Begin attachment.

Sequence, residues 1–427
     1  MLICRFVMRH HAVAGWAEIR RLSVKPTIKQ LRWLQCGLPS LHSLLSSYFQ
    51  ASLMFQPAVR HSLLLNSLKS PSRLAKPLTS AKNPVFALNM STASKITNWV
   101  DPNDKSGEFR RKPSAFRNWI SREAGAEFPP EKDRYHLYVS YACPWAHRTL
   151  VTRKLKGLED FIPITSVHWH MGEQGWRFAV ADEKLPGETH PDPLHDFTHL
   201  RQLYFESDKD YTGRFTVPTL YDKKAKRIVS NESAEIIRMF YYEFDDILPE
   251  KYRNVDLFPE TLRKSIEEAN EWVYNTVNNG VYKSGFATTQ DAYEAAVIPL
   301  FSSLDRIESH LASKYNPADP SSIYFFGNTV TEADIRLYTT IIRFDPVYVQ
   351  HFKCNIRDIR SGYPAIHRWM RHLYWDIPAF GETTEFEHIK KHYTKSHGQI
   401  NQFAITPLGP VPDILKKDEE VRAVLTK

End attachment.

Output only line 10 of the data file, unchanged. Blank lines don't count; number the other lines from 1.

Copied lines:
   401  NQFAITPLGP VPDILKKDEE VRAVLTK